Since my arm rests and throttle quadrant are all custom, meaning I deviated from what Van’s calls for, I had to do some engineering that’s unique for the support of the throttle quadrant cables. I took the idea from my buddy Glenn and made a bracket out of some large aluminum angle. I had completed this task and installed it some time ago and moved on to other tasks. Since then I was really happy with how the arms of the quadrant were moving and it felt like there was some binding. So yesterday I decided to investigate and see if I could fix the problem. What I found after a closer look was that I had actually measured the distance from the side skin to where the holes for the cables needed to be by about 3/8″. This meant that as the cables left the quadrant they angled outboard to hit the bracket holes. This caused each cable to cause a torquing action on the levers and caused the mixture and propeller cable ends to actually touch as they went through there motions in one spot. That was not good and needed to be fixed. So I decided to make a new bracket that would extend 3/8″ farther inboard. So I went about removing each cable from the quadrant then removed the two bolts holding the bracket. This allowed me to slide the bracket off of the three cables and remove it. I used it as a template and just extended the arm length by 3/8″. With the new measurements I went about drilling and trimming the angle to create a new bracket. I then did the task of getting the bend of the arm where the two bolts attach the bracket to the angle on the side skin. This was the time consuming part as it’s a little bit of a task to get the cables in and situated while checking the angle. Once that was done I bolted the bracket down and went through the process of setting the correct throw of the cable ends. These all looked good so I removed the bracket and primed/painted it so it would look presentable. Today the paint was dry so I reinstalled the bracket and worked the cables from outside to inside. First was the throttle cable as it’s the outermost cable on the quadrant. Once I had the throw all set and got the throttle arm on the servo to hit the full and idle stops I locked the cable arm in place with the nut and attached it to the throttle lever with the pin and cotter pin. I repeated this process for both the propellor and mixture cable. The propellor arm has given me the most problems part due to the angle that it goes through the bracket and the arm length on the propellor governor. What I ended up with was the prop lever goes to the full forward position on the quadrant and is short of the full aft portion by 3/8″ or so. I’m ok with this as it will never be in that full aft position and only off the full forward position a little as you increase the propellor pitch and reduce the engine RPM. The mixture arm works perfect allowing the full rich and idle cut-off.All three cables operate much smoother and there is no binding at all. I’m happy about that but I’m happy I spent four hours repeat a process but that part of experimental building. One other thing I did was to give the RV-8 some fresh air so I could sweep out the hangar. She really looks good stretching her legs after a long winter being cooped up!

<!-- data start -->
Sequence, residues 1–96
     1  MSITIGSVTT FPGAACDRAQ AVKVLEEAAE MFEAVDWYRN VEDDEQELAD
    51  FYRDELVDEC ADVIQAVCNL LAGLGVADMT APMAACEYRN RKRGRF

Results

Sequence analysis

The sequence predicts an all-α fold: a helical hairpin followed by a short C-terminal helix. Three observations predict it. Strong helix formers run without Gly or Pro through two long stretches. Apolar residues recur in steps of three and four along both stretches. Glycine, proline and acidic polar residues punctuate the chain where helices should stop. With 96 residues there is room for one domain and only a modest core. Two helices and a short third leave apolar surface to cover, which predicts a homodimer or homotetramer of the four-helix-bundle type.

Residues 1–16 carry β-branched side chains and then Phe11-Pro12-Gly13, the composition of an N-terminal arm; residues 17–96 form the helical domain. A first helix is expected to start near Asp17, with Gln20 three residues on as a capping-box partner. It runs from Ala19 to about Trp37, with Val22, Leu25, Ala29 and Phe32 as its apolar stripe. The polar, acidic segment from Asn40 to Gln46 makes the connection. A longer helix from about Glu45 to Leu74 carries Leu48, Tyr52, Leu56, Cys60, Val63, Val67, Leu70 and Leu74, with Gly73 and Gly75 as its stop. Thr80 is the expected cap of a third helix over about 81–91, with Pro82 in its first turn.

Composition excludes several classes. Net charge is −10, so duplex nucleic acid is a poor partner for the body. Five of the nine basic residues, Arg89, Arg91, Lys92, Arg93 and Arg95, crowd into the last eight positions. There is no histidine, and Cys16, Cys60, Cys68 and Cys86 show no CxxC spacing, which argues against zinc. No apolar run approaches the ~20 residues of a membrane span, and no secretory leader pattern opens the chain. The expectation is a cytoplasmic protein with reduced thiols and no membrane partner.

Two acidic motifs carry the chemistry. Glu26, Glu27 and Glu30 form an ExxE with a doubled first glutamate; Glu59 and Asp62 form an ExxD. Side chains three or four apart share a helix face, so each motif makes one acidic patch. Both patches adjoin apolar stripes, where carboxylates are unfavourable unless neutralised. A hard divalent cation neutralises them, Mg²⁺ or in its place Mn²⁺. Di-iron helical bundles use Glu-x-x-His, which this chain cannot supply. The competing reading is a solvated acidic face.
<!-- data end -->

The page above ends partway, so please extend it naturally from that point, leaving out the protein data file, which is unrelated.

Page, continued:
Engine Cowl Work

Time: 20 Hours

So over the last month I have been slowly working on the engine cowl surface’s starting with the insides first. I had already started the inside prep earlier so it was a good place to continue. The process was to sand the surface smooth but not break through the epoxy. Once it was smooth and all the ridges knocked down I applied a layer of epoxy on the entire surface using old hotel key card to squeegee the epoxy into the holes. This allows you to remove any excess epoxy which makes future sanding much easier. I would then let the epoxy cure overnight so I could repeat this process. I did this a total of four times on the inside surface for both the top and bottom halves. It’s time consuming since you have to let the epoxy cure and then the sanding, I have learned to hate sanding! I filled in some of the larger imperfections on the inner surface but not getting too crazy as it’s just the inside. The idea for me is to get the inner surface acceptable to paint to keep oil, grease and any other contaminant to be easily identifiable and cleanable. Also most of the inner surface will eventually be covered with an aluminum foil type material that radiates heat from the exhaust system and protects the fiberglass. There are various brands of this heat shield and I have not decided on which one yet. Once the insides were good enough I moved on to the exterior surfaces. The process is the same and just as the inside except I added an additional step. This was to use UV Smooth Prime to fill in all the tiny pin holes. This primer is like paint with drywall mud mixed in. You really have to mix it well. It’s so thick I decided to buy a paint can shaker from Harbor Freight Tools to handle this. As of today they cowl halves are 90% done and I’m just finishing up some small imperfections that are left. Here are a few pics of the process but not much to show while sanding.